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Ford Motor Company to build EV battery plant near Marshall, MI

Part of Marshall, Michigan's downtown, photo reduced for web publishing purposes
Andrew Jameson
Wikipedia/Creative Commons
Part of Marshall, Michigan's downtown, photo reduced for web publishing purposes

Ford Motor Company will build a new electric vehicle battery plant in Marshall Township.

The plant is expected to create 2,500 jobs by the time it's operational in 2026.

Ford Executive Chairman Bill Ford Jr. said the plant will manufacture a type of EV battery that is highly durable, can be charged faster and more frequently than many current models, and is less expensive.

Ford said it brings the company closer to battery independence in the U.S.

"Right now many automakers import most of their batteries from abroad," Ford said. "This is a slow, expensive process that makes us vulnerable to supply chain disruptions. Manufacturing these new batteries in America will help us build more EVs faster and will ultimately make them more affordable for our customers."

Ford said Marshall is a beautiful and historic town, and the company doesn't want to change that.

"And that's why we're ensuring that 245 acres at the southern edge of the site are placed into a conservation easement," he said. "This land along the Kalamazoo River will be preserved for generations to come."

To support the plant, the state of Michigan's Strategic Fund has approved:

  • Critical Industry Program through Strategic Outreach and Attraction Reserve Fund – $210 million. The Critical Industry Program will support a $3.5 million investment in Michigan that will lead to the creation of 2,500 new jobs.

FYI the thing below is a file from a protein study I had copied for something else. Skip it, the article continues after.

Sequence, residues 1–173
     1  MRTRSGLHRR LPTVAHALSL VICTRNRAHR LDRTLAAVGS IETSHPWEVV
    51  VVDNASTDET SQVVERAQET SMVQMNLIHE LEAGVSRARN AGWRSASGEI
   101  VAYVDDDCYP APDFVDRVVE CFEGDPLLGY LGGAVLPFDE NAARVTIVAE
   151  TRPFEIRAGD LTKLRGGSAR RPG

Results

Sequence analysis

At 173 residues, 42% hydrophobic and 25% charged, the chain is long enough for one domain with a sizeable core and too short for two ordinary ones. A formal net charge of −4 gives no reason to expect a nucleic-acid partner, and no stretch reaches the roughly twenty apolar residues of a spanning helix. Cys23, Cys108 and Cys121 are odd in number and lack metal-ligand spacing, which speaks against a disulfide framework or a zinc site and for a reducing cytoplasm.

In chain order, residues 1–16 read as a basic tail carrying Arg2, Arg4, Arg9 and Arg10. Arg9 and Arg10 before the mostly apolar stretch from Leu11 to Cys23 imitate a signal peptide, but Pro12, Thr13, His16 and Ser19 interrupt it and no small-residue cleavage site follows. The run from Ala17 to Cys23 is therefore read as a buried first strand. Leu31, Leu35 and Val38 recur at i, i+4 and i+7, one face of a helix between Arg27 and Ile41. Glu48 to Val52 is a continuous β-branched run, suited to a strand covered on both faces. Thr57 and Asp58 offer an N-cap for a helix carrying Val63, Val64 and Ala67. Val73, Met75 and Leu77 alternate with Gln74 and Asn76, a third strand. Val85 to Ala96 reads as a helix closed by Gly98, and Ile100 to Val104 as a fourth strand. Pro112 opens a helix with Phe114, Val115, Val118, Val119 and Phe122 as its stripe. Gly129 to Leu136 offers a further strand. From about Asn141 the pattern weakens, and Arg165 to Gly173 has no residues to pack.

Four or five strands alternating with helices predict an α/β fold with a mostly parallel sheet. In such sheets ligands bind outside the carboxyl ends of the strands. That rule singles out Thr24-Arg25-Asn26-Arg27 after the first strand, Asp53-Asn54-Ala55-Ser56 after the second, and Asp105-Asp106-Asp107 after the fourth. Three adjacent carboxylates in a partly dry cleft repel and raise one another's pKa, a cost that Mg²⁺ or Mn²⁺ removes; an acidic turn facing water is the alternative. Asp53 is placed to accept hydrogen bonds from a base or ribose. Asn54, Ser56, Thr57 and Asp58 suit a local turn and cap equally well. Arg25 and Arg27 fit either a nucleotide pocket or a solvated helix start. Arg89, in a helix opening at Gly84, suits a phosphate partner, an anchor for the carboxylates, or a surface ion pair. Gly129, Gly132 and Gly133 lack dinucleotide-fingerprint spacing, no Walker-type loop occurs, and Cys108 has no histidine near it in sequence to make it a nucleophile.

• Michigan Strategic Fund Designated Renaissance Zone – $772 million. The Renaissance Zone will reduce both real and personal property taxes for a period of 15 years. 
  • Jobs for Michigan Investment Fund Loan – $36 million. The strategic fund loan will be allocated to the Marshall Area Economic Development Alliance to purchase, improve and transfer Marshall mega site parcels in and around Calhoun County. The economic alliance will undertake site readiness activities at the project site in Calhoun County that are necessary to complete time sensitive activities, including land acquisition and site improvements. 
Tracy Samilton covers energy and transportation, including the auto industry and the business response to climate change for Michigan Public. She began her career at Michigan Public as an intern, where she was promptly “bitten by the radio bug,” and never recovered.